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#WomenInStem – Opinion blog from Cathrin Stöver

It’s been a real pleasure following the ongoing GÉANT Women in STEM campaign.

Watching the one-minute contributions and testimonials from women and men across our global community shows just how much commitment there is to increasing diversity and bringing women and their voices to the table, to be heard and seen. There is commitment, hope but, at times, also a certain level of frustration, there is realism, but also surprise and wonder. I would like to reflect a bit on three of the contributions from a very personal perspective.

Let’s start with Ann Harding’s frustration. I really do get that. It was in 1992 that I quit my very first job. I had participated in a two-year industrial training programme for management with a chemical company. We were 12 of us together in this programme, six men and six women. At the end of the two-year period, some of us left to go on to university, the rest, and I was one, accepted job offers to stay.

Six months later, I found myself talking to the CEO explaining to him why I had to leave. The words I used then reflect the words that Ann Harding uses in her testimonial: “you waste the potential of half of your employees”.

Hearing my words then repeated by Ann today was quite a shock. 30 years have passed and here we are, different industry, same problem, same frustration, same words. We seem to be making baby steps when it comes to Women in STEM and true equality. I agree with Ann, that we need to challenge the concept of merit and tackle the laziness of “the pipeline problem”.

What makes me hope are my younger colleagues, male and female. They are in their mid-twenties and early-thirties, and they have found their voice on this topic. They speak up, much more than I ever dared at that age. And they speak up in an environment where many across all generations are also much more ready to listen and, I think, ready to support and even make space. Making space is the challenge.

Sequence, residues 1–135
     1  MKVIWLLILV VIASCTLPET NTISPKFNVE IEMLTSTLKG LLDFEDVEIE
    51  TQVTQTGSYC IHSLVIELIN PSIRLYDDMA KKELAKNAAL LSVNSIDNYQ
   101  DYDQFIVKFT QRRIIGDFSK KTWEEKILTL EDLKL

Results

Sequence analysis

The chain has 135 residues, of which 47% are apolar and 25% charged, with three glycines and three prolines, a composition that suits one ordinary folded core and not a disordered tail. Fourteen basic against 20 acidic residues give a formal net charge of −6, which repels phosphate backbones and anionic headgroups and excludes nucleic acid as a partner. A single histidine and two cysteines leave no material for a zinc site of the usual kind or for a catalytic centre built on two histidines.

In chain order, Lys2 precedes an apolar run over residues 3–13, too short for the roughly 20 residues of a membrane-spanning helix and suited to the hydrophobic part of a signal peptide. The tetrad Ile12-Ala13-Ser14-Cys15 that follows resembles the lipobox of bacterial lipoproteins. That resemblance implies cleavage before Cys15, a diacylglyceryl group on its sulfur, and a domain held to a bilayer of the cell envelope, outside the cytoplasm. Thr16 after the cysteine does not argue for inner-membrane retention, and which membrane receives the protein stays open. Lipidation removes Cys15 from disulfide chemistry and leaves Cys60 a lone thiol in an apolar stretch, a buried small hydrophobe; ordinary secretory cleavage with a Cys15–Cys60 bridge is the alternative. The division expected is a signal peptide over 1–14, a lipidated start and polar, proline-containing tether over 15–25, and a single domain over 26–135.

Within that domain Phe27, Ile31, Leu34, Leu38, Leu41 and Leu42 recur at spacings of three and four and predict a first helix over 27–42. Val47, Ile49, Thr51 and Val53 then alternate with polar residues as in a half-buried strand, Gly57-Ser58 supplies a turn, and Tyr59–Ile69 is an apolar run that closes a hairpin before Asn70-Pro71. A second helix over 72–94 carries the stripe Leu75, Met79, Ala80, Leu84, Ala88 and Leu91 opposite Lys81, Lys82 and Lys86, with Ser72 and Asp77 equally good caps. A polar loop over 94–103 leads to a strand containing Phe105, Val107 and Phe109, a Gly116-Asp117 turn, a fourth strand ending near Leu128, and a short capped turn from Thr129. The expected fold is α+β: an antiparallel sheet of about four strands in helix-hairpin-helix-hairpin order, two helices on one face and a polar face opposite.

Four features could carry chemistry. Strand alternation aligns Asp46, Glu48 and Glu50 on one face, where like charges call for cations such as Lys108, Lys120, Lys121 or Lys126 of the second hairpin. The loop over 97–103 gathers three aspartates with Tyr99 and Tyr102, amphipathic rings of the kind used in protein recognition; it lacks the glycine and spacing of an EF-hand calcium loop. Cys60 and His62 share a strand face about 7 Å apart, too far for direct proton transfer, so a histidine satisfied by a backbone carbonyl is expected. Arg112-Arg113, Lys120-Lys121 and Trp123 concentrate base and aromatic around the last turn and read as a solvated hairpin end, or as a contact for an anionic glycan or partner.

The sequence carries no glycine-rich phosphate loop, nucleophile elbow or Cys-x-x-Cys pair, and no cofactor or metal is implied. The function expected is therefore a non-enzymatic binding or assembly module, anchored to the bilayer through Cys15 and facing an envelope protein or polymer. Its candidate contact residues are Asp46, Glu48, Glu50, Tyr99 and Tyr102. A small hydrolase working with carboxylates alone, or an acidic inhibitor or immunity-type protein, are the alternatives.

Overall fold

The contribution I most identified with is from Ecaterina Matenco, describing her wonder that she – as a “girl from the village” – could make it. I could so see myself here – how many times does it cross my mind that I am just a girl from the village, even though I have lived in capital cities now over thirty years and have travelled to many countries. I guess this feeling of wonder in the big wide world will never leave me completely.

Wherever we come from, whatever the background, it is important that we have confidence. Confidence to speak up, confidence to hold our head high and look the other in the eye. Confidence to walk on that stage, give that presentation or talk and get your message across. If anybody tries to put you down – this just shows that person’s limitation, not your own.

And then there is Mandeep Saini’s message of the benefits of a female network. The way we learn from our mentors, the way we communicate with each other, we build trust, and we are there for each other.

For a long time, I considered that there was not much difference between a network of colleagues and a specifically female network, until I was in trouble some time back. That is when I realised how loyal and tight a functioning female network is. In times of trouble and when I needed help, one woman after the other spoke up for me, stood in front of me, was there for me. It was done quietly and effectively. And the challenge was overcome.

When we work together, we need each other. Work relationships can be very intense and in a community such as ours, where we base so much on trust and consensus, we have to have strong relationships and bonds. These relationships are built with men and women, across teams and organisations. But there is a beauty to a female network that I cherish, and my female colleagues hold a very special place in my affection. I hope to be there, as you were there for me.

And let’s repeat Mandeep’s final words: “one woman can make a difference – many women have impact”. So true.

GÉANT’s Women in STEM campaign is a result of this ongoing conversation in our community. I am so proud that this campaign is driven out of my team and supported across our organisation and embedded into our European and international communities. Over the last few weeks, we have collected video material from 24 female and male colleagues collecting their views on different topics. The result contributes and gives direction to the conversation in our community.

I would like to thank my colleagues Silvia Fiore and Andrea Meloni for each putting their heart into turning the idea for this Women in STEM campaign into reality.

And I would like to thank all the contributors from all over the world for sharing their thoughts and experiences.

Please follow us on our social media and don’t miss our #WomeninSTEM episodes! Add your voice, we would love to hear from you.


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